[eDebate] Context and Appropriateness
Thu Mar 20 20:20:10 CDT 2008
Dear NDT/CEDA community,
During the final debate in the Great Debaters, one of the Harvard debaters stands up to hit James Farmer in the face in the pie as he describes the lynching incident as a justification for civil disobedience. Of course, Harvard is just showing the satirical value of civil disobedience.
No Malcolm, you are not racist, but you are insensitive if you say that this use of pie throwing is funny. Now, you walk that line without ever crossing it in an effort to challenge the pie = racist argument. Now I haven't followed the thread until this post, but the pie throwing wasn't racist, it was insensitive given the nature of the opposition argument. The nature of the opponent argument makes it racially insensitive. While you have a right to perceive it as whatever you want, you don't have the right to define the meaning of the experience for someone else.
And I guess therein lies the problem that the community hasn't learned given the recent sexual harassment debate/discussion and Malcolm still attempts to justify: that no one can decide what is offensive to someone else, no one.
Now what is appropriate once someone is offended is up to the norms of the culture and the one thing that is certain: this culture is so fragmented and out of control that no one is able or willing to take responsibility for figuring it out. One group has a very tight, narrow understanding of what they believe "superior" policy debate to be, a perspective that is out of touch with history, humanity, and evidence to prove their superiority, while the other side wants to challenge not only the rules, norms and laws of debate, but most any rule of authority and law. In the end, you keep getting these spectacular exchanges, and little is being done to concretely address the problem.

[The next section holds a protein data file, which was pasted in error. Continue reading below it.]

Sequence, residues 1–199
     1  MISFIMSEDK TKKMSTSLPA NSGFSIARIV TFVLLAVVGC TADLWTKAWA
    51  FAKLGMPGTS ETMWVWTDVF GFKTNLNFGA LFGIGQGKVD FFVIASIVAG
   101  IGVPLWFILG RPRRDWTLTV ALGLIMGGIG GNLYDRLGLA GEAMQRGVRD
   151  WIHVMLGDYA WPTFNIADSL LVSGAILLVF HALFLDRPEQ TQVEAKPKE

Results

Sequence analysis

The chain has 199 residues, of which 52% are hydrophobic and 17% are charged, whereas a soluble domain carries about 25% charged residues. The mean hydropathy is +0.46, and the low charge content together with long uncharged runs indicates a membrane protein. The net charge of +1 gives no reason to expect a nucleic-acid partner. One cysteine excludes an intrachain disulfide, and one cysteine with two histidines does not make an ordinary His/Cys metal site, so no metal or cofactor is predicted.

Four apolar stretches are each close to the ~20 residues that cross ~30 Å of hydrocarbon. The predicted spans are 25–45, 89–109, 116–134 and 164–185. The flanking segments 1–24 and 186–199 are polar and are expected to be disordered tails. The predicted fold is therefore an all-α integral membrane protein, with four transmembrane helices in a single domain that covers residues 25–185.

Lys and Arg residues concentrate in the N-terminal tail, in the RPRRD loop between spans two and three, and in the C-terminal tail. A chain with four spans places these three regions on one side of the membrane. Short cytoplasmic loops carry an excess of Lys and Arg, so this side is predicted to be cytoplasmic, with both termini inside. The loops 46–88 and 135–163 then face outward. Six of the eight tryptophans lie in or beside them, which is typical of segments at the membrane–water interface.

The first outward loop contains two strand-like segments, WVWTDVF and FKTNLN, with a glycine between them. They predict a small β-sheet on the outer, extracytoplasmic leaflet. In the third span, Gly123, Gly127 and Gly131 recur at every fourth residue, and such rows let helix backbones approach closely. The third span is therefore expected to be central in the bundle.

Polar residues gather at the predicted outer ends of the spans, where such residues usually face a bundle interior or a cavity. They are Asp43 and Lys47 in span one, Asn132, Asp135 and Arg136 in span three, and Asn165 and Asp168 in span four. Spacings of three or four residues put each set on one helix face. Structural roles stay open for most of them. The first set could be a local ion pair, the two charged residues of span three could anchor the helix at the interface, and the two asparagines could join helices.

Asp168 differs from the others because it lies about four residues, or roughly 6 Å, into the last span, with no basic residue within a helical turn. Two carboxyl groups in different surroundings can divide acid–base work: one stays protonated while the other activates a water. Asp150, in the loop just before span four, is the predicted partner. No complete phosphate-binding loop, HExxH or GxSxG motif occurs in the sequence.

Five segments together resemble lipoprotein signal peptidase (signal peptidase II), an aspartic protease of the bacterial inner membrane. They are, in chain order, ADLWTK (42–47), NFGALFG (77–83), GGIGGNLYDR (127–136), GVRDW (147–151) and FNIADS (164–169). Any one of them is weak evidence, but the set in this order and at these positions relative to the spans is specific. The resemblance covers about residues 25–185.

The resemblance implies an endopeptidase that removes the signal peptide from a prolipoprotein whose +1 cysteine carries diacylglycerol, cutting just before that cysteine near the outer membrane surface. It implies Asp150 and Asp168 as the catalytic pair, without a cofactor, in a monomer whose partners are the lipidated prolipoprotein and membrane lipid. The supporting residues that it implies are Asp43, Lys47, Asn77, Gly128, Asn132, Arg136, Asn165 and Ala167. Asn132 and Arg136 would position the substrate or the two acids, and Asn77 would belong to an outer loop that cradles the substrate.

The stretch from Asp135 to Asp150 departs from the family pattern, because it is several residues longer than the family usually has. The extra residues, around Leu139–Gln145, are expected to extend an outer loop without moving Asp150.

Certainly, laying blame on the participants doesn't change the landscape, since it still doesn't address the fundamental question: what common understanding of what POLICY DEBATE is can the entire community come together and agree on. Until that occurs, I suspect these exchanges are inevitable and will occur with increasingly regularity.
Two roads are left to follow: down one lies another split, where those one each side of the aisle with their specialized believes separate to form separate organizations, again ignoring history and the inevitability of ending up at the same bat time, same bat place in 10 years or so like everyone else have done; or the other road: where a group of smart and reasonable people come together--recognizing the importance of collective strength , the educational value of difference, and in the spirit of compromise--towards a purpose of making a stronger policy debate community.
One road is more traveled for a reason, the one less so is a lot tougher but more worthwhile in the end. Good luck to all this weekend. Some fundamental norms of common purpose must be established before anyone can start taking about particular types of "censorship". And of course, once those occur, there needs to be some type of regulation.
The movie example makes a pie throwing unlikely because the audience checks the behavior of the specially trained judges. This weekend, students self-select judges that coincide with the strategies they want to use. In this case given your post, pie throwing sounds like it can be effective in front of you, perhaps even in this context. So teams are more likely to keep engaging in behavior seen offensive by some debaters as long as teams can select judges who see the world similar to how they see it. But that's a debate for another day I guess.
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